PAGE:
Nigeria’s Super Falcons have been a dominant force in African women’s football for almost two decades, but, by their own admission, they have been perennial underachievers on the world stage. As they embark on yet another audacious journey to claim some elusive silverware at the highest level, more questions have once again been asked about this Super Falcons team. However, this time they seem more determined, more focused and more wise about appreciating their considerable experience. Most of the players of a famed "golden generation" are on their last lap and probably playing at their last world championship, and they should certainly be driven to go out with one last hurrah for these stars of African football.

After wrapping up yet another continental triumph at the Africa Women's Championship in South Africa in November, the Super Falcons shifted their attention to Germany 2011 where they will be expected to elevate their game against some of the world’s most decorated teams. Nigeria have reached all five previous FIFA Women's World Cup finals, but they have only advanced out of the group stage once. For a side that has always been blessed with talent and natural goalscorers, their problems at previous tournaments might be said to run deeper than strictly the level of ability in the team. Whether they can put aside their anxieties and play to the standard they are capable of will be the big question for the African champions.

The road to Germany
Nigeria were unbeaten at the recent CAF Women’s Championships in South Africa where they finished as champions, beating holders Equatorial Guinea 4-2 in a pulsating final. By reaching the ultimate match at the continental finals, they gained automatic qualification for the FIFA Women's World Cup.

The star players
Throughout the years, Nigeria has been a talent factory for women’s football on the continent. The duo of Stella Mbachu and Perpetua Nkwocha remain the most potent weapons of the Super Falcons. Although they are both probably on their way off of the international stage, both Mbachu and Nkwocha have been enjoying a rich vein of form lately. Two-time African player of the year Nkwocha has been one of the deadliest strikers in the game for many years and is expected to once again lead the onslaught on opposition teams in Germany.

The coach
Former Super Falcons legend Ngozi Uche has done a sterling job since taking over the reins of this team. When she took over as Super Falcons coach, there were some doubts about her ability to lead Africa's marquee side despite the fact that she earned her stripes while deputising for several coaches. She used that time to learn the ropes and when she was given the job, she rose to the occasion. At the championships in South Africa, she was the only female coach of the eight guiding the teams.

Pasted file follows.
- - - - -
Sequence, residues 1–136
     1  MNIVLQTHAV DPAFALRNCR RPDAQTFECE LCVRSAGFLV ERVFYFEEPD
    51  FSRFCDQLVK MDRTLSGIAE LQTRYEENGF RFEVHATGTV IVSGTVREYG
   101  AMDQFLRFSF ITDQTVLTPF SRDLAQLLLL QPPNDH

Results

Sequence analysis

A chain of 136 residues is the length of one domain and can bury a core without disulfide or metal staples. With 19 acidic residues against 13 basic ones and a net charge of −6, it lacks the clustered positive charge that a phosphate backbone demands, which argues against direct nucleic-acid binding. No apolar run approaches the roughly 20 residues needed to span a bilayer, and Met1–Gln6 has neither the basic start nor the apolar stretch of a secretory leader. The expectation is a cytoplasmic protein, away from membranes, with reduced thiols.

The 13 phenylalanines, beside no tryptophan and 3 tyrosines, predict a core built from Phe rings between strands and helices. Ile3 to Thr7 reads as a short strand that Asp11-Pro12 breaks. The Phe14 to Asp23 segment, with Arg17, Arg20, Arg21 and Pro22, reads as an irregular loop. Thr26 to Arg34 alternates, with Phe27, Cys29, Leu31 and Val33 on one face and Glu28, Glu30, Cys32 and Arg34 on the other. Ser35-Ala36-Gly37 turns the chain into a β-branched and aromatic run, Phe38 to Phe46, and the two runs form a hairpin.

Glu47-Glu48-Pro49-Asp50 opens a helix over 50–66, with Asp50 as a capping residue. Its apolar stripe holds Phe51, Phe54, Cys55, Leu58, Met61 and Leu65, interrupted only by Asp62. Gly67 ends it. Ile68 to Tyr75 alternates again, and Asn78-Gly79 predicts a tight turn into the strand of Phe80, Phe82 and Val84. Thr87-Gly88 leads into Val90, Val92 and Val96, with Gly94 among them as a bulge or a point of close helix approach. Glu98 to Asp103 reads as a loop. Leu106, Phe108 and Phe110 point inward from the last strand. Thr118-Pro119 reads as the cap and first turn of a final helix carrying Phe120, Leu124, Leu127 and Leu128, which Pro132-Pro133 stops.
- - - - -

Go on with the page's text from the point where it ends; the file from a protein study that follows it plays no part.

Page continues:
Previous FIFA Women's World Cups

  • The Falcons have had five previous FIFA Women's World Cup outings.
  • Their maiden participation was back in the first finals in 1991 where they finished at the foot of their group.
  • Their best showing so far dates back to 1999 when they were knocked out in the last eight by an emerging Brazil 4-3.
  • In one of the matches of the 1999 tournament, Nigeria fought from three goals behind in the last half hour only to fall to a Sissi goal in extra time.

The stats
6 –
The number of times Nigeria have won the African Women’s Championships, out of seven events. The Super Falcons have only lost once in the tournament, in 2008's semi-finals, when they fell to Equatorial Guinea.

19 –
The number of goals Nigeria scored in their five matches at the 2010 Africa Women’s Championships.

What they said
“We have a good team and what is important is that we are constantly improving. In football, there is always room for improvement, and, as we focus on the World Cup, we will look at correcting our past mistakes so that we can put on a good show at the finals,” Ngozi Uche, Super Falcons coach.